aerobic, maltose-limited chemostat cultures of

S. cerevisiae

CBS8066 to excess maltose. To investigate whether the glucose

release observed during anaerobic incubation of


S. cerevisiae

CEN.PK113-7D with excess maltose (Fig.

2) was due to cell lysis, possibly accompanied by the release of

maltase into the extracellular medium, several control

experi-ments were performed.

Plating on complex medium did not reveal a marked

de-crease in viable counts during anaerobic maltose fermentation

(Fig. 3A). During the first 1 h of the experiments, during which

glucose release was most pronounced (Fig. 2), the viable

counts were reduced by only ca. 4% (Fig. 3A). These results

were corroborated by a fluorescent live-dead staining

tech-nique, which indicated that throughout the pulse experiments

virtually all cells remained metabolically active (data not

shown). As a further indicator of possible cell lysis, protein

concentrations were analyzed in culture supernatants (29). No

significant increase in the extracellular protein concentration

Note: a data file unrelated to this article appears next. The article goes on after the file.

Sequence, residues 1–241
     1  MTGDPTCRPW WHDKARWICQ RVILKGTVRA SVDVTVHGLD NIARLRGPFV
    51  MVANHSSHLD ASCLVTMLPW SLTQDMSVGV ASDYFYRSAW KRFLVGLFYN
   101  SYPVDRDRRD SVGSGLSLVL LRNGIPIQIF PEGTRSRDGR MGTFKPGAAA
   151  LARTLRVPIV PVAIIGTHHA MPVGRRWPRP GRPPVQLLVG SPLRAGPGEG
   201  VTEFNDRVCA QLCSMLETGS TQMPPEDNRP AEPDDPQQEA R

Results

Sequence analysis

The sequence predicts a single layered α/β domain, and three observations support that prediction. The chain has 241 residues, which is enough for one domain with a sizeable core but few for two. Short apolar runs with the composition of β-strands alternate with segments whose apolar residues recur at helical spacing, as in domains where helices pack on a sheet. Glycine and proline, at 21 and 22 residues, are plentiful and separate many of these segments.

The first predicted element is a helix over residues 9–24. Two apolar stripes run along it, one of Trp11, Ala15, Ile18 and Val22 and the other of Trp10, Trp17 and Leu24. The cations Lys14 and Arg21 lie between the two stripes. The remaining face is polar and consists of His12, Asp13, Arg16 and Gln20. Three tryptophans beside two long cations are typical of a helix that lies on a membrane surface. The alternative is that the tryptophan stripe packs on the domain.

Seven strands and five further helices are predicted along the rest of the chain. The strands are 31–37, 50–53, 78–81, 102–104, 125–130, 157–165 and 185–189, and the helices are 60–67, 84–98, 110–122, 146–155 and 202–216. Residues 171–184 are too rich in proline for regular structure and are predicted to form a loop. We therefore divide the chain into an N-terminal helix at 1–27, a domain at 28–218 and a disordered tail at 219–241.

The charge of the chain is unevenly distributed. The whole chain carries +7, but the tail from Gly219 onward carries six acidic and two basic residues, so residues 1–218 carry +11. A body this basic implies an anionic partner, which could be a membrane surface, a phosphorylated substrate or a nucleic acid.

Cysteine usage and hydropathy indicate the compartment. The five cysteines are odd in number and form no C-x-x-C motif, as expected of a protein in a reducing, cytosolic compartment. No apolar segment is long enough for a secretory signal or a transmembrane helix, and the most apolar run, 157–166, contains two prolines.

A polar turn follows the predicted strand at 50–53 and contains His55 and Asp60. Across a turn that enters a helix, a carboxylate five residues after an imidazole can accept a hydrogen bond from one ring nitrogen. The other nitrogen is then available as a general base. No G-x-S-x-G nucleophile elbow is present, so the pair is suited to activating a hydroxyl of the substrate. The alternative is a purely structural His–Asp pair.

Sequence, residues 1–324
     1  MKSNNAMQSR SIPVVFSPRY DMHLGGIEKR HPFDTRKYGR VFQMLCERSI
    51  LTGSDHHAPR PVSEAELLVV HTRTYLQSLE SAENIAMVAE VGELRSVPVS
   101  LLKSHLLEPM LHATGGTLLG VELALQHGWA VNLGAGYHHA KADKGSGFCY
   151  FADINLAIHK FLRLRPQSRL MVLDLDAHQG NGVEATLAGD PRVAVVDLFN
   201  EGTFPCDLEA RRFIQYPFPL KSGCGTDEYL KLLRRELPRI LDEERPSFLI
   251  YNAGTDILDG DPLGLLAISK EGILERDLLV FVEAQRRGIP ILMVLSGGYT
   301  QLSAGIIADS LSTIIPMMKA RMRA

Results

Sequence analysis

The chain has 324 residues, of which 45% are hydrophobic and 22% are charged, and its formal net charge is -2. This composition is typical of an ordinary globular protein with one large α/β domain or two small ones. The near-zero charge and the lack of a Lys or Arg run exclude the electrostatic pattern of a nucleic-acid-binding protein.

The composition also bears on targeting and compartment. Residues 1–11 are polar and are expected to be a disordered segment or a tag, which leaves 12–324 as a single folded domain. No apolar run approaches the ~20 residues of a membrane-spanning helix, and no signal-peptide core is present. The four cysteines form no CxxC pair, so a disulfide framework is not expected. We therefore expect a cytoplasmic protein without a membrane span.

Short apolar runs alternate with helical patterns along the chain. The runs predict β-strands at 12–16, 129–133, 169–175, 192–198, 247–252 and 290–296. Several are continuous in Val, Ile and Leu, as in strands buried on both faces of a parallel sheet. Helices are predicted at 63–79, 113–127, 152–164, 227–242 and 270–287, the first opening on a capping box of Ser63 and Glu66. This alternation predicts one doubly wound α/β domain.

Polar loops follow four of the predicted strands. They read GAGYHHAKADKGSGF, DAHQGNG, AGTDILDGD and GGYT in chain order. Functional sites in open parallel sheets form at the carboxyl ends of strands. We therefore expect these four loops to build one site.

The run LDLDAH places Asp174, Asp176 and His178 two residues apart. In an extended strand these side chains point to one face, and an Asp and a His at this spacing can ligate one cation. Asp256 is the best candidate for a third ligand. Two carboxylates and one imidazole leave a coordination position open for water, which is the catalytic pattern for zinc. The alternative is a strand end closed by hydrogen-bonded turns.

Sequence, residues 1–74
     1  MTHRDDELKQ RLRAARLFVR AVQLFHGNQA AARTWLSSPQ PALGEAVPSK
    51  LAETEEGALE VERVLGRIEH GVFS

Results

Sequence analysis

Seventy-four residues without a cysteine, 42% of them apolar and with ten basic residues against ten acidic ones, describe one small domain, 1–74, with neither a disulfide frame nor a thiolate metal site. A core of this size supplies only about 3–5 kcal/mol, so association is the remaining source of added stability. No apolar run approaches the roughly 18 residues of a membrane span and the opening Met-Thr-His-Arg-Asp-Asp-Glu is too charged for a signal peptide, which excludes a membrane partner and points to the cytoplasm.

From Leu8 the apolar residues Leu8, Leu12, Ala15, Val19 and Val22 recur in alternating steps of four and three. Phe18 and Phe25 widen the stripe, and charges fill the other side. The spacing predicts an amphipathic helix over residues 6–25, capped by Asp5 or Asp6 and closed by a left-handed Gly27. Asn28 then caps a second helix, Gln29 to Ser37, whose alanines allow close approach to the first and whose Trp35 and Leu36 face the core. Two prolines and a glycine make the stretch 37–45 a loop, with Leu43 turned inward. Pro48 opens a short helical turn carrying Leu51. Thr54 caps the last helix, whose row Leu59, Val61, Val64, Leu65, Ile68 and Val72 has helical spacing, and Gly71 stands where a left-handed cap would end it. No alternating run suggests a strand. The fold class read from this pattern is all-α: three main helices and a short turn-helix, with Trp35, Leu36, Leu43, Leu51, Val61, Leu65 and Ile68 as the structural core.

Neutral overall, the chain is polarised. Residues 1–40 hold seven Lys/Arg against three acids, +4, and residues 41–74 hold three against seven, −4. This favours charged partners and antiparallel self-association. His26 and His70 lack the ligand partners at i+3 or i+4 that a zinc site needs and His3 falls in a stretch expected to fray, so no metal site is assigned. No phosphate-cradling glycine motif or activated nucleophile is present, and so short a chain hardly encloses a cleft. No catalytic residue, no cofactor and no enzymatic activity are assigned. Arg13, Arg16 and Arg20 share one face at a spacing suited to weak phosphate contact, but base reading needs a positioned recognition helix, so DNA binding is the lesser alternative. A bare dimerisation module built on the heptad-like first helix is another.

was observed during the pulse (Fig. 3A). More specifically, the

possibility that the extracellular glucose encountered during

anaerobic maltose fermentation was due to an extracellular

maltase was investigated. Incubation of supernatant samples



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taken during the maltose fermentation experiments did not

reveal any extracellular maltase activity (Fig. 3B).

Absence of glucose release during maltose fermentation in



null strain.

To investigate whether glucose release

dur-ing anaerobic maltose fermentation was mediated by plasma

membrane glucose transporters (Fig. 1), anaerobic maltose

fermentation experiments were performed with the




S. cerevisiae

EBY.VW.400. In this strain, all members of



gene family have been deleted, which eliminates

glucose uptake via facilitated diffusion (58).

S. cerevisiae

FIG. 2. Anaerobic fermentation of maltose by cells harvested from an aerobic, maltose-limited chemostat culture of